### Example 6 – Applying the MATCH Function Between Two Columns

Suppose we have a list of products that match a previous column, and we want to put the value of “** Price**” that is an exact match in our new column. To do this, we need to use the

**INDEX**and

**MATCH**functions together.

**Steps:**

- In cell
**F5**enter the formula below:

**=INDEX($C$5:$C$12, MATCH(E5,$B$5:$B$12,0))**

This formula compares the text between columns **B **and **E** and returns the matching value.

### Example 7 – Use the MATCH Function with VLOOKUP in Excel

When using the VLOOKUP function to look up a value from a dataset, deleting or inserting any column from that dataset will break the function.

In that case, use **the MATCH function** with **VLOOKUP **to do the task. To look up the **Sales **value of a product, we can use the following formula:

`=VLOOKUP(G4,$B$4:$D$9,MATCH($F$5,$B$4:$D$4,0),FALSE)`

In the formula, we use the cell range **B4:D9** as **table_array**. Now, if we delete the **Quantity **column, the formula will change the **table_array** to **B4:C9 **and show the result.

### Example 8 – Apply HLOOKUP with the MATCH Function to Lookup Values in a Horizontal Dataset

Similarly, use the HLOOKUP function to look up values in a horizontal dataset. Use the following formula to do that:

`=HLOOKUP(C8,B4:G6,MATCH(B9,B4:B6,0),FALSE)`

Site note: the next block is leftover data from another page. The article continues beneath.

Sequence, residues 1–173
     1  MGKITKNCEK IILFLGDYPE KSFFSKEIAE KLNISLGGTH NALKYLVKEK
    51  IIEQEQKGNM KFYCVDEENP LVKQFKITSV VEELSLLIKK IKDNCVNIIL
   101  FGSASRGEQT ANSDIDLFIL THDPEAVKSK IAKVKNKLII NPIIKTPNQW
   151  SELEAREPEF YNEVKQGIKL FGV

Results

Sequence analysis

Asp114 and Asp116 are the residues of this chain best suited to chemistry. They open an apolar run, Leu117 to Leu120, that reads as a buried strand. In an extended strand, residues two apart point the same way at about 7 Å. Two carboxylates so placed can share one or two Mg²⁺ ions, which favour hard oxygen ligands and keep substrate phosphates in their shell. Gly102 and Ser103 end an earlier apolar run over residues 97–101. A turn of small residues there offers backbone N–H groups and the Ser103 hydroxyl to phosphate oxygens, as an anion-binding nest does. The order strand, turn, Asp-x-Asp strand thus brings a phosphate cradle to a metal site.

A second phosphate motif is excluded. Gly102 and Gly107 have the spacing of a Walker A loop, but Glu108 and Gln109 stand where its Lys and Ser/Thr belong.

**Read More: **Excel MATCH Function Not Working

## Frequently Asked Questions

**1 – Is the MATCH function better than the VLOOKUP function?**

No, the **VLOOKUP **function is better as it returns a value rather than the position of a value like the **MATCH **function. However, by combining these two functions you can look for a value from a dataset, and deleting any row or column will not change the result.

**2 – What does the MATCH function return if no match is found?**

The error value **#N/A**.

**3 – Can the MATCH function work with both rows and columns?**

Yes. The **lookup_array **can be a single row or a single column.

**4 – Can the MATCH function figure out the difference between uppercase and lowercase values?**

No.

**Download Practice Workbook**

Download the following practice workbook. It will help you to realize the topic more clearly.

Uses of MATCH Function.xlsx